Last week, Attorney General Hector Balderas announced that his office will implement stricter policies for using private law firms to sue on behalf of the state.
The announcement followed a review of all pending litigation involving outside lawyers contracted with his office that was prompted by an article in The New York Times about a new breed of lawyers who go around the country wooing state attorneys general so they’ll hire them to file lawsuits against large companies in exchange for a percentage of any cash award or settlement.
That article led with an anecdote about then-New Mexico Attorney General Gary King and his dealings with a Washington, D.C., lawyer, who, over a period of two years, convinced him to file a suit against a nursing home company that operates 11 facilities in New Mexico.
But while New Mexico is no stranger to such lawsuits, the attorney general’s current list of contracts with private lawyers is not very long, and a check of campaign finance records showed that only one of the private firms is a significant contributor to attorney general campaigns in this state.
And Balderas’ review of the contracts didn’t stop any of the current cases involving private attorneys.
Among those contracts, there are only three in which the private lawyer is working for a fee that has yet to be determined.
In each of those three contracts, the private firm is allowed to petition the court for “reasonable fees” if the case results in the state being awarded any damages, restitution or penalties. None of them specify any percentage of the money awarded to the state.
Those three cases are:
• The nursing home case in The New York Times story. It was filed in December by the Cohen Milstein & Toll firm of Washington, D.C. The suit claims that staffing levels in the homes run by Preferred Care Partners Management Group, which bought the facilities from Cathedral Rock Corp., are inadequate to provide proper care for the residents. It also claims the facilities overbilled the state and federal government.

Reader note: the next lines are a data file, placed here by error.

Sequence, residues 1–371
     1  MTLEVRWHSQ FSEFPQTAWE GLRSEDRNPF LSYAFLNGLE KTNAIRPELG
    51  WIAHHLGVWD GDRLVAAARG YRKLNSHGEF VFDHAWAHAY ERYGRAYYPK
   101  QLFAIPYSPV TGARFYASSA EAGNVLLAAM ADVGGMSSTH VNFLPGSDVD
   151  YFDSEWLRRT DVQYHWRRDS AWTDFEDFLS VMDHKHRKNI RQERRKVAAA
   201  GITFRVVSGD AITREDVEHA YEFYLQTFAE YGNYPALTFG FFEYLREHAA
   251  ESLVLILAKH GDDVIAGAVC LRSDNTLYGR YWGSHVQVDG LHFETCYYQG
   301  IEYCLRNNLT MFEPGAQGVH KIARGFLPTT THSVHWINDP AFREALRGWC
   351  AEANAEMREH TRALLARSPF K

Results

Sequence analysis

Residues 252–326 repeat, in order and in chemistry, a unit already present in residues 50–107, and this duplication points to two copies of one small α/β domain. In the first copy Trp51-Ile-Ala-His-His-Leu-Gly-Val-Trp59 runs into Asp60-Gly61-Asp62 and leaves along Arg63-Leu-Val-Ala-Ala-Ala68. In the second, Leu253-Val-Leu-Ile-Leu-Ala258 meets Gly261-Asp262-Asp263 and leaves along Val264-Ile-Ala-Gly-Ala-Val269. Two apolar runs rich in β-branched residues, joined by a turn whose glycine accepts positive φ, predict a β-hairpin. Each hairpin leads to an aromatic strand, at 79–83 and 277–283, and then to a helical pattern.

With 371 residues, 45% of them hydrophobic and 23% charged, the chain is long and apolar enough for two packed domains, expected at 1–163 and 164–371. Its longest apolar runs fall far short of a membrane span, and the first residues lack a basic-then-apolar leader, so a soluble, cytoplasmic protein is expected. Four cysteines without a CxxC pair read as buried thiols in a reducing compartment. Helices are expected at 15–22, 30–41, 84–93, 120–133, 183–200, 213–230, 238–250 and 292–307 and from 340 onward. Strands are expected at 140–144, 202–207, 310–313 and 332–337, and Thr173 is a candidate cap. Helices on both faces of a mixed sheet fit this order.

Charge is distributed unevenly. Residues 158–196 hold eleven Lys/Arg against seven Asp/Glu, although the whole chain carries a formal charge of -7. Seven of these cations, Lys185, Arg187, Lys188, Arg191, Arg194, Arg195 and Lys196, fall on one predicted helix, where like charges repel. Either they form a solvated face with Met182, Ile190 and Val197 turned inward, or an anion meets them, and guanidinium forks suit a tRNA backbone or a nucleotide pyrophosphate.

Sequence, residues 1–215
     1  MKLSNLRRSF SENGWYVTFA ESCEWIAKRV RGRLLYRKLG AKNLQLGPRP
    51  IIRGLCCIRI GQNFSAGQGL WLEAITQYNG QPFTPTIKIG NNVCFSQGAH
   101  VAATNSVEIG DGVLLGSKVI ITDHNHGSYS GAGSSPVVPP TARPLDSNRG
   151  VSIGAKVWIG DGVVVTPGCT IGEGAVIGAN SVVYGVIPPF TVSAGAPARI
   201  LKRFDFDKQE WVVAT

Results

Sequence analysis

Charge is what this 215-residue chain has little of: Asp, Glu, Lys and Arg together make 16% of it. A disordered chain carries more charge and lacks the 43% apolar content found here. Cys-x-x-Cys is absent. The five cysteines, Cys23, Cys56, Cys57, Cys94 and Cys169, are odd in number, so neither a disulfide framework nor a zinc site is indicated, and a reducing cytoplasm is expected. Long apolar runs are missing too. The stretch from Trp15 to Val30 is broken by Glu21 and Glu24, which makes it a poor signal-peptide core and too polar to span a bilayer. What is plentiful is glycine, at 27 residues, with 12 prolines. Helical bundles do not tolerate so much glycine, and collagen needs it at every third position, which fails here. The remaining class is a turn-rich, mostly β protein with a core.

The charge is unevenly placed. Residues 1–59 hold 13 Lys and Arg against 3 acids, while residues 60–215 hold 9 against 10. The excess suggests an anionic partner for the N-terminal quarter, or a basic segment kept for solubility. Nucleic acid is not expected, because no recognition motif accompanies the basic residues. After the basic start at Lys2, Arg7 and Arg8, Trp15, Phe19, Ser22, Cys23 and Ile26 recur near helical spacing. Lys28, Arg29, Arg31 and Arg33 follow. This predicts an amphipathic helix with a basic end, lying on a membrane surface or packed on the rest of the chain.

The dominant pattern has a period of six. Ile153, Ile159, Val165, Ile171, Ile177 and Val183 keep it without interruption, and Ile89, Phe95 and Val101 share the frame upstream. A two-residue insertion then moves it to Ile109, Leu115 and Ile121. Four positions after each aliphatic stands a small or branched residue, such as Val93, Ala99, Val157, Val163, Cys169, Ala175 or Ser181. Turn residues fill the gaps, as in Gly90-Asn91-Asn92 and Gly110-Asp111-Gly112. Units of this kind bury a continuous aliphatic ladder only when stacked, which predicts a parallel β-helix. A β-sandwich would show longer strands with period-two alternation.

A revised complaint filed this week alleged that nurses frequently found residents in soiled diapers and urine-soaked beds because previous shifts couldn’t complete their rounds and that one patient choked to death because he wasn’t fed pureed food as his care plan called for, the Associated Press reported.
State campaign finance records showed only one campaign contribution from lawyers in the case. Linda Singer, the lawyer in the Times story who sold King on the suit, contributed $1,000 to King’s gubernatorial campaign about four months before the suit was filed.
• Conoco Phillips Inc. and Burlington Resources are suing the State Land Office in a dispute over oil and gas leases. The state is countersuing, claiming underpayment of royalties. Albuquerque lawyer Turner Branch is contracted with the state to handle this case. The contract lists several other royalties cases going back to 2007 that already have been litigated.
Branch, who has a long history of contracting with the Attorney General’s Office, has been a big contributor to the campaigns of attorney general candidates. According to campaign finance records, he gave $15,300 to King’s 2014 gubernatorial race and $10,000 to Balderas’ race for attorney general. His wife, Margaret Branch, a partner in his law firm, contributed $15,350 to King and $10,000 to Balderas in the last election. Turner Branch and Margaret Branch each contributed $10,000 to King’s 2010 re-election campaign.
Neither Branch could be reached for comment Friday.